|Whoever comes forward with the winning tickets may want to speak to Donald Lawson. The Michigan man won the $337 million Powerball prize in August and vowed that the new infusion of green would not change him -- or his eating habits.|
(CNN) -- For most folks, the tune rolling through their heads this morning might be called the "Morning After Powerball Blues."
But somewhere in Missouri and in Arizona, a few folks might have The O'Jays' "For the Love of Money" on their minds.
You know ... "Money, money, money, money ... money!"
That's because two tickets for Tuesday's record-breaking Powerball jackpot -- estimated at $579 million -- were sold in those states.
The winning numbers were 5, 23, 16, 22 and 29, and the Powerball was 6.
We don't yet know who the winners are, but Missouri lottery officials said the winning ticket in that state was sold at a Trex Mart store in Dearborn, about 30 miles north of Kansas City.
They'll identify the store where the winning ticket was sold later Thursday.
Details about where the Arizona winning ticket was sold are not yet available.
Lottery officials urged winners to take their time coming forward.
Winners should sign the ticket, put it in a safe place and seek legal and financial advice before redeeming it, Missouri lottery director May Scheve Reardon said.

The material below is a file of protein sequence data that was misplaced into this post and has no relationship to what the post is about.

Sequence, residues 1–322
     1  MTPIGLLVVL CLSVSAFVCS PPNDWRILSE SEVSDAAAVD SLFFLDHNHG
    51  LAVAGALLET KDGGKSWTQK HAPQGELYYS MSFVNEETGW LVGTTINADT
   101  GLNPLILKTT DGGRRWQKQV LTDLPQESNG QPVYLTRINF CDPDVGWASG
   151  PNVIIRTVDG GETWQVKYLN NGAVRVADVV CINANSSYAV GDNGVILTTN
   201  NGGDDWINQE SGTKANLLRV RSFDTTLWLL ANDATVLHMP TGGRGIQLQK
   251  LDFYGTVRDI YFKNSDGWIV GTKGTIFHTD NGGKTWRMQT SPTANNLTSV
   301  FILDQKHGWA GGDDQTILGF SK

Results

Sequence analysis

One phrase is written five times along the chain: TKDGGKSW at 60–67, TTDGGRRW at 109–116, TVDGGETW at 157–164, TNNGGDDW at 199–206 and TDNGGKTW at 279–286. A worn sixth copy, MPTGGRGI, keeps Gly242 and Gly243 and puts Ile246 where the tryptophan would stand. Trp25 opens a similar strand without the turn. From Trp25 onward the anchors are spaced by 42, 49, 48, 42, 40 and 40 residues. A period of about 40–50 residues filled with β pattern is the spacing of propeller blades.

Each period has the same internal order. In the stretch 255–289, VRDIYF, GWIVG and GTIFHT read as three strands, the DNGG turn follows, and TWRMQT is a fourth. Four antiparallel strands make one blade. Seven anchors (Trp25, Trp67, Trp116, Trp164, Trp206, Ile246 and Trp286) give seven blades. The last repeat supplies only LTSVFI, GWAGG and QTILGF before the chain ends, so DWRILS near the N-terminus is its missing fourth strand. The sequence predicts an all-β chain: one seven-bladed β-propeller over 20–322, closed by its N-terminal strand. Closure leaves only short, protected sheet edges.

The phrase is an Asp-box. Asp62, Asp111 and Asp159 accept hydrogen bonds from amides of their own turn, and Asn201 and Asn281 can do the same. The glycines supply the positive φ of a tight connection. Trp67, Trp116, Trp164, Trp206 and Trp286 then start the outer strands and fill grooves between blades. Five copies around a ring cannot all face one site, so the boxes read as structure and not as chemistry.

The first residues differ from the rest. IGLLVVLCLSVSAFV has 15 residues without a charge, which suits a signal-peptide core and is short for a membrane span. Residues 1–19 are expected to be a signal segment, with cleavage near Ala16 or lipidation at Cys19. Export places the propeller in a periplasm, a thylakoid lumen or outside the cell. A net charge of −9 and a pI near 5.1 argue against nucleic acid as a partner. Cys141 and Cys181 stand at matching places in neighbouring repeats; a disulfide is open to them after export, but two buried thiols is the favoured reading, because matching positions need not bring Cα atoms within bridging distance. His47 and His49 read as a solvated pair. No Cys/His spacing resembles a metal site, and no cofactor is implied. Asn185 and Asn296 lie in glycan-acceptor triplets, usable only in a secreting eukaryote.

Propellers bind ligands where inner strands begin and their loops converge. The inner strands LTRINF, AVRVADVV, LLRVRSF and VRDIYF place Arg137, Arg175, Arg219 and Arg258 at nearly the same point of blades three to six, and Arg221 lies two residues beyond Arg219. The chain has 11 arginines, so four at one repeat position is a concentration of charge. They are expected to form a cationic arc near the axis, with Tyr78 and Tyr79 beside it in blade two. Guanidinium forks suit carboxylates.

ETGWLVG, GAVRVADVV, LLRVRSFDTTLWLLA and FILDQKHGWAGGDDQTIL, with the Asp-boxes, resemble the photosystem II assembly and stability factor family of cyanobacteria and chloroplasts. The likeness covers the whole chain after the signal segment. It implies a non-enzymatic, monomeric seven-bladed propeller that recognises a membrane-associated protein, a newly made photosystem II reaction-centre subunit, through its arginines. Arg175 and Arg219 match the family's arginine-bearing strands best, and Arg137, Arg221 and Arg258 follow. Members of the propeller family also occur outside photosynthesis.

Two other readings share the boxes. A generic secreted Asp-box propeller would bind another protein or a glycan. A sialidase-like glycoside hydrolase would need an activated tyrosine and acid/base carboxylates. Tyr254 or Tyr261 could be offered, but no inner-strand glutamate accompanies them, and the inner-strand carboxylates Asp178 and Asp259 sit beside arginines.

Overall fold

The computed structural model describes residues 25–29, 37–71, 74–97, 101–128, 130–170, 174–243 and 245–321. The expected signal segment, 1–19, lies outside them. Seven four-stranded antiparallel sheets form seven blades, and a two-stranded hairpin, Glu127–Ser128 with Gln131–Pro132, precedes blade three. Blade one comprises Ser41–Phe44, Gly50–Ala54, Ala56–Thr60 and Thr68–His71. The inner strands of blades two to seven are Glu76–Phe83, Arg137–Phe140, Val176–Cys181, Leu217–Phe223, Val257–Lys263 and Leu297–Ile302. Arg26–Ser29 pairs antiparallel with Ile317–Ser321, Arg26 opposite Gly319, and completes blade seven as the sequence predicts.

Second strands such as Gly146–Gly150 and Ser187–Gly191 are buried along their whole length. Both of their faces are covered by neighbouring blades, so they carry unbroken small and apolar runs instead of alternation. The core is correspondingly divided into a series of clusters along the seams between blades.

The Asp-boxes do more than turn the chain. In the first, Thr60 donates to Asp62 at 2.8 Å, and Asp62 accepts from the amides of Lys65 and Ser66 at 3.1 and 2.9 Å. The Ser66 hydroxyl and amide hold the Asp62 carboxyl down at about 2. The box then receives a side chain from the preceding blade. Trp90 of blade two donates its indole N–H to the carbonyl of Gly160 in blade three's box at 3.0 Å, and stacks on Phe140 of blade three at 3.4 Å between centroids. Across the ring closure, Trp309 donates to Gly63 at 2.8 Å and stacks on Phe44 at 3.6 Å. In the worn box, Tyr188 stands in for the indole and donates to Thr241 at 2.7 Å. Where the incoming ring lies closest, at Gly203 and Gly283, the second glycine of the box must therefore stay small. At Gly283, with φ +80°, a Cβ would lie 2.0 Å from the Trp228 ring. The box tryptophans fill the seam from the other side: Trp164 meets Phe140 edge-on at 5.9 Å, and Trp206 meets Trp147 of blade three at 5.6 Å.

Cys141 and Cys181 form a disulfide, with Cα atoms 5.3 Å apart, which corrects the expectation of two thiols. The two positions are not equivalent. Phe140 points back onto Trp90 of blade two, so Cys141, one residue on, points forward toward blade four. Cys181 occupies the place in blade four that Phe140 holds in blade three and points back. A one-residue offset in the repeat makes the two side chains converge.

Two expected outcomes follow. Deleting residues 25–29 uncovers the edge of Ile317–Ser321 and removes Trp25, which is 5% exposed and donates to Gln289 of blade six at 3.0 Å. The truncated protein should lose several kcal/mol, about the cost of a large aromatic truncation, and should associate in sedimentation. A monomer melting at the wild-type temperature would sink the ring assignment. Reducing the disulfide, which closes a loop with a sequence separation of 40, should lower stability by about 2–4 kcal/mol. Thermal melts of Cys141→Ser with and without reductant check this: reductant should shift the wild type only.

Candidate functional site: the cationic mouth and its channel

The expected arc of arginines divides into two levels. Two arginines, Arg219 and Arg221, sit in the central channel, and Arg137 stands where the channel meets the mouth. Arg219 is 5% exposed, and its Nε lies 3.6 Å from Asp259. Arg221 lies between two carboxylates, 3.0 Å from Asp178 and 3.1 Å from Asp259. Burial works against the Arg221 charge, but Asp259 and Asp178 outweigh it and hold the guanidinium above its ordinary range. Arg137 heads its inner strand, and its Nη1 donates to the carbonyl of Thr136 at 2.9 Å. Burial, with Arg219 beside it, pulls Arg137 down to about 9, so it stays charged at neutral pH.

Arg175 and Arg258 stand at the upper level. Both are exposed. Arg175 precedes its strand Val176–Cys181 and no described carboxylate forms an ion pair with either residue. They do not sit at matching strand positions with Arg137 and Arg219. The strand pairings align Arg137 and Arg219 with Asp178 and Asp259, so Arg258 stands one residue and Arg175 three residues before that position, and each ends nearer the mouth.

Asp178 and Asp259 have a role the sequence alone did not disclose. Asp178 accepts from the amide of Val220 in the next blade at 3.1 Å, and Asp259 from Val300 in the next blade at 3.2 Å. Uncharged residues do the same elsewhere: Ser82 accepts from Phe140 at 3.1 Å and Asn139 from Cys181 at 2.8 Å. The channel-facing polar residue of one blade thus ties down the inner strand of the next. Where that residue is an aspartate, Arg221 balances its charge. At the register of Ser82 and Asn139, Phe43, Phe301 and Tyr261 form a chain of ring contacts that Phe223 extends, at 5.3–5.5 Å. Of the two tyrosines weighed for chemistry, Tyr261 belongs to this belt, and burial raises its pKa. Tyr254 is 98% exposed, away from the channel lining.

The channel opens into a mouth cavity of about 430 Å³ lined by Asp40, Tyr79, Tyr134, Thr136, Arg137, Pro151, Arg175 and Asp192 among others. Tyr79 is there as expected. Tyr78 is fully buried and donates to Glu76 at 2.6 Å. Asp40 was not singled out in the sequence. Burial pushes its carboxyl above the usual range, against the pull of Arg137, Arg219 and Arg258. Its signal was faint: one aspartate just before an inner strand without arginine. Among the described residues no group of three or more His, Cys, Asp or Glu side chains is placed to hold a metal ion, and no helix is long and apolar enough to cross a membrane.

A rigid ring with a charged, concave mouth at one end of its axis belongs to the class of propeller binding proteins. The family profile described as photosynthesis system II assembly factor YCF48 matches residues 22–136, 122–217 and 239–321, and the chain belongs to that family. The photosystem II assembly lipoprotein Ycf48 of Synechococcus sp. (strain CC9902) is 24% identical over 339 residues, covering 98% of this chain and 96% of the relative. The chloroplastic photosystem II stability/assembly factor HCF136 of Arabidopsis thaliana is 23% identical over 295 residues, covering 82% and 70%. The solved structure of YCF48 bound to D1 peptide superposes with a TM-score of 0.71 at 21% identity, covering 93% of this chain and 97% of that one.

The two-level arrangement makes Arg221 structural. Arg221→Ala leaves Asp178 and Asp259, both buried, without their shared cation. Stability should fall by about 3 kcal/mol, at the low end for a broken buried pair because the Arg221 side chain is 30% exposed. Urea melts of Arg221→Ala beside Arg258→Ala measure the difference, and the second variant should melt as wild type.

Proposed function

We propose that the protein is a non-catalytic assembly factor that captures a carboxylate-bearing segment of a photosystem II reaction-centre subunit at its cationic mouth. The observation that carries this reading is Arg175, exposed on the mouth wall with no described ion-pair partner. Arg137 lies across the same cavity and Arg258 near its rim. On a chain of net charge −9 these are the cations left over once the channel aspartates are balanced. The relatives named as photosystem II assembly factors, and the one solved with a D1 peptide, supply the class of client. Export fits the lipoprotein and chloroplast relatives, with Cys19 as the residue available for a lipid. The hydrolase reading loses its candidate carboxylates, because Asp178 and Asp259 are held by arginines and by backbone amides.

"We want winners to take their time and think through this clearly," she said. "We don't want them to feel rushed."
The winner in that state has 180 days to claim the money.
The prize for the lottery -- held in 42 states, the U.S. Virgin Islands and the District of Columbia -- swelled to the largest in Powerball history after the jackpot rolled over 16 times without a winner.
But it still doesn't match the U.S. record payout of $656 million, set in March by a Mega Millions jackpot. Three winners split that pot.
Whoever comes forward with the winning tickets may want to speak to Donald Lawson. The Michigan man won the $337 million Powerball prize in August and vowed that the new infusion of green would not change him -- or his eating habits.
"I'm a millionaire now, but I'll still go to McDonald's," Lawson said as he stood smiling at the Michigan Lottery headquarters in Lansing.
CNN's Lateef Mungin and Shawn Nottingham contributed to this report.
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